Add in the flour, and cook for 2 minutes. Stir in the milk and mustard, and whisk until bubbling and thickened. Once the mixture is thick, remove from heat and add in half of the cheese. Stir until all the cheese is melted, then add the second half. Mix in the diced red pepper.
In the meantime, cook the pasta you've chosen to use in a salted pot of boiling water. Cook until the pasta is al dente, about 8 minutes. Strain and set aside until the cheese sauce is all done; then coat the pasta thoroughly with the cheese sauce. Spoon the pasta mixture into the baking dish and flatten out on top. Sprinkle the top with the remaining cheese and then sprinkle enough panko crumbs on top to create a good crust.
Bake in the oven until the cheese is bubbling and the panko crumbs are browned, about 25 minutes.
Source: slightly adapted from Canadian Living: The Vegetarian Collection
Monday, May 14, 2012
Wow that is one pretty intense alliteration- Coconut Stuffed Chocolate Cake Cookies... what a mouthful! It was really for a lack of any better name. And is it just me, or does this picture oddly resemble a Christmas scene? Maybe it's just the red and the chocolate... it wasn't my intention to have it look like the holidays. What can I say, I'm no pro at photography or props and scenery. I'm very new at this still so most of the time I'm just going with what I think looks good. Sometimes it comes back to kick me in the butt, and often I've been able to correct it later in that day or the following day and try something new. Unfortunately I wasn't able to do that with this, as all of the cookies disappeared in pretty much a day and a half. A good handful went to work, a couple went to me and Sean (although I'm pretty sure I've eaten all but one of those), and the rest went to volunteering right away. It's not that I'm a super-giving person (although I do enjoy giving and it makes me happy), it's more so that if I keep all of these goodies around my house I WILL get fat. So shipping them off to somewhere else as soon as possible IS the answer.
I've been wanting to make these cookies for quite awhile now. I flagged this recipe from Confessions of a Cookbook Queen right when it came out. When I finally got around to making them, I realized that the cookies were made out of a cake box mix... I was very disappointed. I must admit I'm a bit of a self-professed food snob. I don't do box mixes; to me it feels like the cheap way out of things, and I can't say that I made the item from scratch. And let's face it- I like to take the credit for my work, not give it to a box mix. All the glory to me!
These cookies were pretty good. I'm not going to say they were REALLY good, because they need just a slight bit of tweaking to get them there. While most of the people that tried them told me they were amazing, I felt that they lacked just a teeny bit of flavour. Not only that, but in a couple of the ones that I ate, I didn't get enough coconut, and the coconut is the best part. This all can be easily remedied I think.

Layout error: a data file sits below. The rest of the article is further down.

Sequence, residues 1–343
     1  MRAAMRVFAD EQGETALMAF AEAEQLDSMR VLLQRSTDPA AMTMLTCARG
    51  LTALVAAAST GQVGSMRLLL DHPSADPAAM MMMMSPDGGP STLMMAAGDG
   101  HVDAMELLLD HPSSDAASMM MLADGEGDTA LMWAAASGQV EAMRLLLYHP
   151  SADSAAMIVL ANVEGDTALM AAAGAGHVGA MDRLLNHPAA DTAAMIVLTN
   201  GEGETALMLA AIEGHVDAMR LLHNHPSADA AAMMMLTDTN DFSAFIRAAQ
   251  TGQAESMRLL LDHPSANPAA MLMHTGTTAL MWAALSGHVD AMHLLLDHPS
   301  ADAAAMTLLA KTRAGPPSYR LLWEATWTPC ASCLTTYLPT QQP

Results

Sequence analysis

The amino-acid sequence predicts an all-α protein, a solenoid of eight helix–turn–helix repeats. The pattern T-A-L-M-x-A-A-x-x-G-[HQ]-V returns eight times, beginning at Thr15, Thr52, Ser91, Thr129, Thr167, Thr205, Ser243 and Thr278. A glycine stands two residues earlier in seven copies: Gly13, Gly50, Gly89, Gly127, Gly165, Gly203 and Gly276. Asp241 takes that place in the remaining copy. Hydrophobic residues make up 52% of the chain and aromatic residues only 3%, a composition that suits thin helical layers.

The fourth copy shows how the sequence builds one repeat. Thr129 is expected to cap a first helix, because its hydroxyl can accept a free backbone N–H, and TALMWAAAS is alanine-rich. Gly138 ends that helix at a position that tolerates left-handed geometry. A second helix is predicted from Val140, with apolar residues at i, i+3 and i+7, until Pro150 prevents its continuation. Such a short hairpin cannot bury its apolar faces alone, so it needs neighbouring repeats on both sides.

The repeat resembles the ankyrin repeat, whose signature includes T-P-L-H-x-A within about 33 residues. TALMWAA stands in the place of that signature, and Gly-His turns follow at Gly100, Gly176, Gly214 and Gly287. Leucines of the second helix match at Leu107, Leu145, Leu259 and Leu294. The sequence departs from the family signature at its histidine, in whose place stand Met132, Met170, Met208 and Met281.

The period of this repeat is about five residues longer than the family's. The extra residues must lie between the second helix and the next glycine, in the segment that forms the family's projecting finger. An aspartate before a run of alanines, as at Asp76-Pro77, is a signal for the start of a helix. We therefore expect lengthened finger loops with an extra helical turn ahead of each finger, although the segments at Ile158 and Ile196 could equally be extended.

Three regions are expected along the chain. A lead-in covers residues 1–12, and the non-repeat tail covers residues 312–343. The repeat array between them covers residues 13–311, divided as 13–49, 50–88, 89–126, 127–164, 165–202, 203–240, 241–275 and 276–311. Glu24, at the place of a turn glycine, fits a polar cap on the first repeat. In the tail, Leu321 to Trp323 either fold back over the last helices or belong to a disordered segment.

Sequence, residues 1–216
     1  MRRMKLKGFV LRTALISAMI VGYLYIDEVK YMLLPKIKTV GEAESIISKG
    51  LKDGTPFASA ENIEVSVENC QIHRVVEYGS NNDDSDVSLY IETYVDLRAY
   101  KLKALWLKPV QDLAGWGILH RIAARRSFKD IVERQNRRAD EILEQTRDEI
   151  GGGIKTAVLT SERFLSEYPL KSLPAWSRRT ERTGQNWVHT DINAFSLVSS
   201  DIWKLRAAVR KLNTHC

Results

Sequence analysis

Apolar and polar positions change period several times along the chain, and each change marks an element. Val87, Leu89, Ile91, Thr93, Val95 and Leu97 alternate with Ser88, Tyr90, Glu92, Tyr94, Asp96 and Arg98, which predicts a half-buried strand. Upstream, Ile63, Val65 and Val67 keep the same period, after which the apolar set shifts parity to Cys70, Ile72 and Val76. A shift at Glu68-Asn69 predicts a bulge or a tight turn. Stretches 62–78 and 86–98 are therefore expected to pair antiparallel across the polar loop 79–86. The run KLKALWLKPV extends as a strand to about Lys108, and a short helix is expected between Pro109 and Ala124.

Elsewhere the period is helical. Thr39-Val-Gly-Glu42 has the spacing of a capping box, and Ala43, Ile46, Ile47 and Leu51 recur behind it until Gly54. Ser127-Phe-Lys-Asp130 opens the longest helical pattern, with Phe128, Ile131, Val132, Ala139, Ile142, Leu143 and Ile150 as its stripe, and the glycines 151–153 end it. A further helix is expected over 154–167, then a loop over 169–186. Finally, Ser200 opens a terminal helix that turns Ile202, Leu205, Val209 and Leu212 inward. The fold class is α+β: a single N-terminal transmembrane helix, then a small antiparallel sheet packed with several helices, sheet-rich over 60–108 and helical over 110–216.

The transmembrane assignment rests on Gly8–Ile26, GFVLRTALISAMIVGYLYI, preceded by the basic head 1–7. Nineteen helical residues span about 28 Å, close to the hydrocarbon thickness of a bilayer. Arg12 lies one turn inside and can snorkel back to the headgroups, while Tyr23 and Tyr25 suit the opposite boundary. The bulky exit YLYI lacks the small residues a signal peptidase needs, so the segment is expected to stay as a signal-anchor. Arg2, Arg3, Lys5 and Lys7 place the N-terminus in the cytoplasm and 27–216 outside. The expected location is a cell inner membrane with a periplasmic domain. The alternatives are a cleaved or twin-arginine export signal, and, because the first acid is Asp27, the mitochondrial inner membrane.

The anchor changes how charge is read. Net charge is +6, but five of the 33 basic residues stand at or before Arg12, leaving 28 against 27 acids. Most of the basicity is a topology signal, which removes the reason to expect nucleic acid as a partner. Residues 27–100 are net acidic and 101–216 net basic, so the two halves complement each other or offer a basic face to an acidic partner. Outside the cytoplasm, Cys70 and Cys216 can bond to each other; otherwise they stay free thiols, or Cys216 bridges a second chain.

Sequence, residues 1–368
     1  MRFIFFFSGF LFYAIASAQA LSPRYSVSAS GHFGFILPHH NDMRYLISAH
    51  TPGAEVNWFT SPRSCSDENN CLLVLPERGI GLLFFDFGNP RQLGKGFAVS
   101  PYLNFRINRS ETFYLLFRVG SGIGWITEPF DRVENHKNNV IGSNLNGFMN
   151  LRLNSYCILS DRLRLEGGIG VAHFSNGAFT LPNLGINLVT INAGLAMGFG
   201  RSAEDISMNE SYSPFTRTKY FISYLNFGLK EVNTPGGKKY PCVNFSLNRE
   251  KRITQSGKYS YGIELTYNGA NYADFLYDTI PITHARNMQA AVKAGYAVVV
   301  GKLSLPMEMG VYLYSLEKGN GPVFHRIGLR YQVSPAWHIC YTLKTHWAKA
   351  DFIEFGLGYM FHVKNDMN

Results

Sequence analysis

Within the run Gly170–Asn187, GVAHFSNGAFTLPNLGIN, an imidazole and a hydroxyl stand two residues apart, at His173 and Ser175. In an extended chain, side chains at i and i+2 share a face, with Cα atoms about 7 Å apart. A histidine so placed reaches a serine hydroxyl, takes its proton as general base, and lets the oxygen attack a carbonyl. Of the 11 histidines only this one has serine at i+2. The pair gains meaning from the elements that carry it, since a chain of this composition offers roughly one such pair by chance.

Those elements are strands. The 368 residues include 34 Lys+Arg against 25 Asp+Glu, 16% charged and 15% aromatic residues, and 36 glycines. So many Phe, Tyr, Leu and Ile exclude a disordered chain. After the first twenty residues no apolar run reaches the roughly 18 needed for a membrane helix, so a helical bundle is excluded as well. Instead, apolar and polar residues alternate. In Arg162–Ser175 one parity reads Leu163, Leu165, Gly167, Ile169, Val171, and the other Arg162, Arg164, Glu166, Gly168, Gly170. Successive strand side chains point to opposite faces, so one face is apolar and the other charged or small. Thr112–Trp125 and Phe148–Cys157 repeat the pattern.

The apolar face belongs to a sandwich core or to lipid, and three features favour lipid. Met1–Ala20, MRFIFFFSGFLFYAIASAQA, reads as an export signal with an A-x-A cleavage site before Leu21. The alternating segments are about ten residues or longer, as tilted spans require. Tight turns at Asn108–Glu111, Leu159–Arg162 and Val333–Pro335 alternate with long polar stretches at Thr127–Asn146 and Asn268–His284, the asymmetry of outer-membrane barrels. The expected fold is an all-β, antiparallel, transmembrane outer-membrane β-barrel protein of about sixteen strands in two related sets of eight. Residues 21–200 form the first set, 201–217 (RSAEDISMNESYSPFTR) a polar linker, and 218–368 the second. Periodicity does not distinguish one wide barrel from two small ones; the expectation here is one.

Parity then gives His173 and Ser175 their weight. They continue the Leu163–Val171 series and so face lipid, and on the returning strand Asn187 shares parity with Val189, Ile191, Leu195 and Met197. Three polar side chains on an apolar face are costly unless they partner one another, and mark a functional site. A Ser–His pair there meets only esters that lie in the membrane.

These are the changes that I will make the next time I bake these up: I would replace 1/2 cup of the brown sugar with white sugar, add 1 more teaspoon of vanilla extract, and possibly add another 2-4 tablespoons of cocoa powder. I'd also use less dough for the actual cookie and try to flatten it out more, because the cookie- as it's a 'chocolate cake' cookie, bakes up quite a bit and is very fluffy, and so it was a bit too much cookie to coconut ratio. Also, I made way too much of the coconut filling, and put the remainder in the freezer to use for next time (I can't stand wasting food!) I've reflected the changes for that below. If you're making these you can use the original recipe or try with my additions, which I've starred beside the original ingredients.
Yield: approximately 3 dozen cookies
3 cups all-purpose flour
1 teaspoon baking soda
1 teaspoon salt
1 cup (2 sticks) unsalted butter, softened
2 cups packed brown sugar *1 1/2 cups packed brown sugar and 1/2 cup white sugar instead
2 teaspoons vanilla extract *+ 1 teaspoon extra
3/4 cup milk
For the filling:
3/4 14-ounce can sweetened condensed milk
2 cups sweetened shredded coconut
(You may still have extra for this as I did not measure when I originally made it, and I'm guessing for how much you should use for less, as I had too much)
Combine the condensed milk and coconut in a small sauce pan and heat over medium heat. Stir regularly to avoid burning until the mixture has thickened and begins to pull from the sides, approximately 10-12 minutes. Once this is done, transfer to a bowl and set in the freezer to cool for an hour.
In the meantime, preheat the oven to 350 degrees F and prepare the batter. Combine the cocoa powder, flour, baking soda and salt in a bowl and whisk until evenly combined. Combine the softened butter and sugars in the bowl of a stand-mixer and beat until light and fluffy, approximately 2-3 minutes. Mixing on low, add one egg until combined, and then add the other egg. Mix in the vanilla extract. Add half of the flour mixture, and beat until mostly combined. Stir in the milk, and then the remaining flour mixture. Allow the batter to stiffen in the fridge for 10 minutes.